It is about the systematic use, over a prolonged period of time, of a variety of tactics intended to keep the abused partner in his or her place, which is wherever the abuser declares it to be (and always in a subservient position).

Not every psychologically abusive relationship culminates in physical violence.

But every physically abusive relationship begins with psychological abuse.

Dr Clare Murphy lists many of the tactics that male abusers use, in various combinations, on their female partners, and summarizes them in her blog:

One-sided power games including behaviours that ensure he has his way at her expense
• Mind games including guilt trips and confusing her in ways that make her feel crazy
• Inappropriate restrictions including refusing to let her work
• Isolation including controlling incoming information such as what she reads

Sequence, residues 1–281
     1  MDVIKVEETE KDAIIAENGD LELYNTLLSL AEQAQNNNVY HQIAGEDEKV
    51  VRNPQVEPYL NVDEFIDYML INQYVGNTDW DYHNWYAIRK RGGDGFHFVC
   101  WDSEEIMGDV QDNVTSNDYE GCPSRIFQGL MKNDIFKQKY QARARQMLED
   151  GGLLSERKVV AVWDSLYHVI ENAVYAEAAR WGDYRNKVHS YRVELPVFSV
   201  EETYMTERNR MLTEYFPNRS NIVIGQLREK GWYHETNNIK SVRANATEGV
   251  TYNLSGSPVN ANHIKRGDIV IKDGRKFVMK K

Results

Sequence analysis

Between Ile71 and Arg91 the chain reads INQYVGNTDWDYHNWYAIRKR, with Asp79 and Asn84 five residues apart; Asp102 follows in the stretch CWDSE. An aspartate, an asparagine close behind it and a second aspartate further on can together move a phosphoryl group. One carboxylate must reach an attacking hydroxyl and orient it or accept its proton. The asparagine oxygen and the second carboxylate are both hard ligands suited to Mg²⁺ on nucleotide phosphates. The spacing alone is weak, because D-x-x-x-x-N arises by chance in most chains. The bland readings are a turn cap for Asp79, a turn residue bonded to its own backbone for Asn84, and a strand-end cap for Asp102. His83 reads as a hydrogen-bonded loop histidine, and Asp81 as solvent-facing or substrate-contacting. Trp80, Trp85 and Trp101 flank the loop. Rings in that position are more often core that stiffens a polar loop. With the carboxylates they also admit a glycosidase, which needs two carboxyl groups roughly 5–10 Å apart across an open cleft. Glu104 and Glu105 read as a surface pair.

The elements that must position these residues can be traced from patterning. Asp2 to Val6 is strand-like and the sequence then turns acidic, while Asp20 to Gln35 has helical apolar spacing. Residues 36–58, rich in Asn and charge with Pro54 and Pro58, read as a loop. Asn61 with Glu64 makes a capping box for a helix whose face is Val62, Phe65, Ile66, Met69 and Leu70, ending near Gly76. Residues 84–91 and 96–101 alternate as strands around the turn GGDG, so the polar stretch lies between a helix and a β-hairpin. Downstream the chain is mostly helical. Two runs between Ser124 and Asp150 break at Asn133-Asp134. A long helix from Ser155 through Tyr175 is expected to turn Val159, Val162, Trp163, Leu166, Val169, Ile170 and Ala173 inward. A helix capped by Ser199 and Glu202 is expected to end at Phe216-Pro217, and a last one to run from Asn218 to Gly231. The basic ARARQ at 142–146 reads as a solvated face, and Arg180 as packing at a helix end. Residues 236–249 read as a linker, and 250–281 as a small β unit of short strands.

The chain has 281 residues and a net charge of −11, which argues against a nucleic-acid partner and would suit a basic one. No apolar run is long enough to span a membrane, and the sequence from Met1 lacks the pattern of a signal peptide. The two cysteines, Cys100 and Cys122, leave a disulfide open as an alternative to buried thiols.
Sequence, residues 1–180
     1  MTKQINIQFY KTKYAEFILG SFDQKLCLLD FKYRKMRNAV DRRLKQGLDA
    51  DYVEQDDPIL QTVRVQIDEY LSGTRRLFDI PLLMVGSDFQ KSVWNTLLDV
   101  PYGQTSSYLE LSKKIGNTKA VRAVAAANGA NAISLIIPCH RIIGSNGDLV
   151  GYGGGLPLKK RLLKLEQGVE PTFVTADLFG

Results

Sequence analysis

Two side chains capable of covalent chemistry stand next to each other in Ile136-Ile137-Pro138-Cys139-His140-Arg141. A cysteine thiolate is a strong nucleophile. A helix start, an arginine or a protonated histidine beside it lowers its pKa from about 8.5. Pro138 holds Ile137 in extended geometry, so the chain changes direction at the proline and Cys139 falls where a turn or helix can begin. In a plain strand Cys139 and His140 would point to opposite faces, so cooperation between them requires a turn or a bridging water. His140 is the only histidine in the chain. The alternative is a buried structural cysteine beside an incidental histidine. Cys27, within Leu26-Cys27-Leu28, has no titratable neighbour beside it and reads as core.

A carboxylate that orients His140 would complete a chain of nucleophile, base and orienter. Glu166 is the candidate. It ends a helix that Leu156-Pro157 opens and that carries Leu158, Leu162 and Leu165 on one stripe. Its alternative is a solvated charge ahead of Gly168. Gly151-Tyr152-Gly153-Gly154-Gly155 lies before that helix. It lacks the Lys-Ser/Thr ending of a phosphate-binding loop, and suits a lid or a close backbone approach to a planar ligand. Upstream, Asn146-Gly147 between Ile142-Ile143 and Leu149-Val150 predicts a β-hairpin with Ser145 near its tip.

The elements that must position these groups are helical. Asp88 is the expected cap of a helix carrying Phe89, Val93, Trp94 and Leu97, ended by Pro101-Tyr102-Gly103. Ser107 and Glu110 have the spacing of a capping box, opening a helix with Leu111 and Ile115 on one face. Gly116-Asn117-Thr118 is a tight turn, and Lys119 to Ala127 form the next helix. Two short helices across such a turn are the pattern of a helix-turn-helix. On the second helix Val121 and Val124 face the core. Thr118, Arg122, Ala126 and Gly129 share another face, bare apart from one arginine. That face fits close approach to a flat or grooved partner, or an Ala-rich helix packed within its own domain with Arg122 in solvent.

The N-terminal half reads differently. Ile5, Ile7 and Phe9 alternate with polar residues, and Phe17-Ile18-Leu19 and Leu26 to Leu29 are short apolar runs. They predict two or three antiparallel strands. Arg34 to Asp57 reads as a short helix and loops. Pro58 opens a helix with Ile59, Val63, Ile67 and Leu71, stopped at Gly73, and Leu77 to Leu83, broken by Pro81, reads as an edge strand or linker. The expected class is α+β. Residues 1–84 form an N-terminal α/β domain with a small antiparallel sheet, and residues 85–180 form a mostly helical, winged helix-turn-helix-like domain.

• Over-protection and ‘caring’ including dissuading her from going out alone in case she gets raped
• Emotional unkindness, violation of trust, Cyberbullying including promising to help and then ‘forgetting’
• Degradation & suppression of potential including criticising her strengths and achievements
• Separation abuse including stalking such as leaving flowers – this sends a threatening message that he can always find her no matter where she is. Whereas, an outsider might look at this act, and think of it as a caring gesture.
• Using social institutions including engaging in child custody battles to maintain power over her
• Using social prejudices such as saying to a disabled partner that she can’t even walk out the door – this reinforces his power
• Denial including refusing to take responsibility for the harm he causes
• Minimising by saying “it wasn’t that bad, get over it”
• Blaming by twisting the story so she appears responsible
• Making excuses such as blaming stress at work
• Using children for example saying he wouldn’t get so angry if she kept the children quiet
• Economic abuse including not allowing her access to any money, or putting her in charge of the budget, but then spending all the money and abusing her when the debt mounts